Everyone can appreciate the benefits of a good night’s sleep. You feel refreshed, you feel like your senses are heightened, you feel energetic and you feel focused.
A good night’s sleep implies good quality sleep. All of us have had those nights where we are in a ‘light’ sleep. Constantly waking up, tossing and turning and in the morning we feel like we haven’t slept at all.
Good quality sleep as defined by the National Sleep Foundation in America includes:
- Sleeping more time while in bed (at least 85 percent of the total time)
- Falling asleep in 30 minutes or less
- Waking up no more than once per night; and
- Being awake for 20 minutes or less after initially falling asleep.
How can we achieve good quality sleep?
None of us are taught how to sleep, many of us have picked up bad habits throughout life which have not been beneficial to getting quality sleep. Good quality sleep starts with adopting good sleep habits.
Stay on schedule
Adopting a pattern of going to bed and waking up at the same time every day is extremely beneficial. Don’t use weekends as a time to drastically change up your sleep schedule. This can affect the body’s internal clock.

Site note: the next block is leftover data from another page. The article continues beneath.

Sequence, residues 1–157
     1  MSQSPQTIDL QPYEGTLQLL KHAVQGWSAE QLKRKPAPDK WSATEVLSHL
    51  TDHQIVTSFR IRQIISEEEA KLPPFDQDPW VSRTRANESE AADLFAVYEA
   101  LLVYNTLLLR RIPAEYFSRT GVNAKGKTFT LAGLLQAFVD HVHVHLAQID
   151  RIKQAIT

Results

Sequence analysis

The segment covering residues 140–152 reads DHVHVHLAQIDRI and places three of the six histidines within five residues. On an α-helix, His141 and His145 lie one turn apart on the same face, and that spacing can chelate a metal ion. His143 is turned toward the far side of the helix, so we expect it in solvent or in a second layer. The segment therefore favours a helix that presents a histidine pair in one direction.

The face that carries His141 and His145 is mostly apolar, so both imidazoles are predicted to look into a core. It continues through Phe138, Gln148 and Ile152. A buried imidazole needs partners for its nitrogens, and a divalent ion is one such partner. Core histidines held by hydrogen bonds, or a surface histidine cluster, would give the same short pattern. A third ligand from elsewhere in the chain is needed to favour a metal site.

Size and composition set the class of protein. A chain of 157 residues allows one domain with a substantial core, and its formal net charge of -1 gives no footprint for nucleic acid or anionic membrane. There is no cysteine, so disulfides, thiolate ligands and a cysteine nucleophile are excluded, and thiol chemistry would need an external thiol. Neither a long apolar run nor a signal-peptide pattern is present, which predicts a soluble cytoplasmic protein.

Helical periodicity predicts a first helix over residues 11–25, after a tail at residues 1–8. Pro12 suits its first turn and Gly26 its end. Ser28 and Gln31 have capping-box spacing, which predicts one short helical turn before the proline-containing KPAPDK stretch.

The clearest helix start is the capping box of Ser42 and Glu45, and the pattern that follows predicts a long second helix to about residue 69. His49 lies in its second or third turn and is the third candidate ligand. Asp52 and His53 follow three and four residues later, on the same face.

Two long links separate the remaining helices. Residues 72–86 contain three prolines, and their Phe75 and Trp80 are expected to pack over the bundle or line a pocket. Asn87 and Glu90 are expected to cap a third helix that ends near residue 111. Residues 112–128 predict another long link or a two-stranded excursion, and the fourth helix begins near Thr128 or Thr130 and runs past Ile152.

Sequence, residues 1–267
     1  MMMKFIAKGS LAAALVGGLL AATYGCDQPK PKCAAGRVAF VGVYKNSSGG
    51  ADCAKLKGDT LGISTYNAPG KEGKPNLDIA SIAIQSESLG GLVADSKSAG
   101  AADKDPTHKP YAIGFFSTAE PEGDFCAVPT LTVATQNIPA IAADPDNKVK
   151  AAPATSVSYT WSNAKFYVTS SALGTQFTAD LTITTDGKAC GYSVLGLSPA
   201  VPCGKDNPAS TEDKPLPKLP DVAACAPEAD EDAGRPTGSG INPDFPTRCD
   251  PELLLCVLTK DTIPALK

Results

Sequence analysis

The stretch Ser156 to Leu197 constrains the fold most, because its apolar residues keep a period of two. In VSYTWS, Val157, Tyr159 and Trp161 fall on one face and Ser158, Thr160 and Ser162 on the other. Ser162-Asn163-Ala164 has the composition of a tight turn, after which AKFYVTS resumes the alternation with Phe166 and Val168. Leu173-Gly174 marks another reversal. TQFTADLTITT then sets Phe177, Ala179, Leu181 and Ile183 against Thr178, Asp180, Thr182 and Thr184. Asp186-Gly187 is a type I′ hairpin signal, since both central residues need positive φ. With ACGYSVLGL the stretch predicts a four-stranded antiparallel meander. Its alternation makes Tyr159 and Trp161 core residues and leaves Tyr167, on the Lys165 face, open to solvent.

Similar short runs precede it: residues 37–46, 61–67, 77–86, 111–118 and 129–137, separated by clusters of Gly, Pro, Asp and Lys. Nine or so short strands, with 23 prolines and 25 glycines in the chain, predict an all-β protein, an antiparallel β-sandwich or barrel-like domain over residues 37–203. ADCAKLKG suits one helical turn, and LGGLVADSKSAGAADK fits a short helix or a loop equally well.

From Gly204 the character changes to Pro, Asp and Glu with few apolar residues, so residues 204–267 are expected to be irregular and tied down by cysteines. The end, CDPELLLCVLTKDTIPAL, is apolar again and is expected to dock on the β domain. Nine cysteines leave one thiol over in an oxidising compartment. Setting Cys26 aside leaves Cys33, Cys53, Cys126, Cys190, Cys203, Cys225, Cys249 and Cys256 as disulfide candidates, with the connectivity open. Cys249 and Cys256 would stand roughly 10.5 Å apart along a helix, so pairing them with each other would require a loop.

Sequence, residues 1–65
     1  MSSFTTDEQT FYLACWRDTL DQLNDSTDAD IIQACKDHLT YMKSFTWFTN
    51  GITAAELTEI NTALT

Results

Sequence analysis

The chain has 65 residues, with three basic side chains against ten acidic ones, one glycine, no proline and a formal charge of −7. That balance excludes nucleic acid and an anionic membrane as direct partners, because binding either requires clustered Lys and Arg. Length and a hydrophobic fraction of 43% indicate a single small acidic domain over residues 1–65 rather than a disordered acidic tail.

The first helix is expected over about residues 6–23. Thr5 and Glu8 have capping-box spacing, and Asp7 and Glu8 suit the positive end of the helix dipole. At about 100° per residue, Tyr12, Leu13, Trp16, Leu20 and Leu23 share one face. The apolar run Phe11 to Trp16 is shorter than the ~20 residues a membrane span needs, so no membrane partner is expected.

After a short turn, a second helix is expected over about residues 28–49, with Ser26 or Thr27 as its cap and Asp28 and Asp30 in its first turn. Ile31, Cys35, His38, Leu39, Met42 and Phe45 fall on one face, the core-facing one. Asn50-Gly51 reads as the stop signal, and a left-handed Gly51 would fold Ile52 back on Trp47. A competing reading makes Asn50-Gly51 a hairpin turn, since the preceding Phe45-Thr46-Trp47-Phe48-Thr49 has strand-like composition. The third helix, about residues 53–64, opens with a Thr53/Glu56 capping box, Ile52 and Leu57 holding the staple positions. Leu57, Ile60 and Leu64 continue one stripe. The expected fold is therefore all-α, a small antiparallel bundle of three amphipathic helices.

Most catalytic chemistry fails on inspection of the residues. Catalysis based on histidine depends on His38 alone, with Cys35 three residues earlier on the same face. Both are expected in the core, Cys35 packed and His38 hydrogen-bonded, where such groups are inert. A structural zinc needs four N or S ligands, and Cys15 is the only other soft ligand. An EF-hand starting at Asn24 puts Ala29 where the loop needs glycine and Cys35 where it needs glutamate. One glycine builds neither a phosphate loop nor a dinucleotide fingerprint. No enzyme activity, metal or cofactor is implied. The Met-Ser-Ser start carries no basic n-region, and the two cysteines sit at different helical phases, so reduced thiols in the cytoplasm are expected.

Avoid caffeine, nicotine and other stimulants
Especially in the late evening. These can prevent you from falling asleep but also cause you to wake up more frequently during the night. Another substance to avoid is alcohol. It can cause you to wake up frequently during the night.
Create a bedtime ritual
Your body is so amazing. There’s a reason why most mothers know that a bath before bedtime for the little ones and a story on a consistent basis will ensure them drifting off quickly. It is because these activities act as clues to the body to prepare for sleep. Now I don’t think we as adults expect a bedtime story. Engaging in a ritual such as running a hot bath, brushing our teeth, putting on our pyjamas, are all pre-sleep ritual clues to let your body know to begin powering down.
Avoid falling asleep in front the television or computer
You may have to wake up to turn them off, causing you to interrupt your sleep. The bright lights from the computer or TV screen may also signal to your brain it is time to wake up.
Maintain a healthy diet
Eating large salty and fatty meals before bed will not help you to sleep better. Neither will falling asleep feeling hungry. Limit food before bed to smaller portions.
I’ve tried to adopt if not most but some of the habits above. I also like to have a cup of herbal tea before I go to bed. Camomile, lavender and valerian root all have properties which promote sleep.
What are your pre-sleep rituals?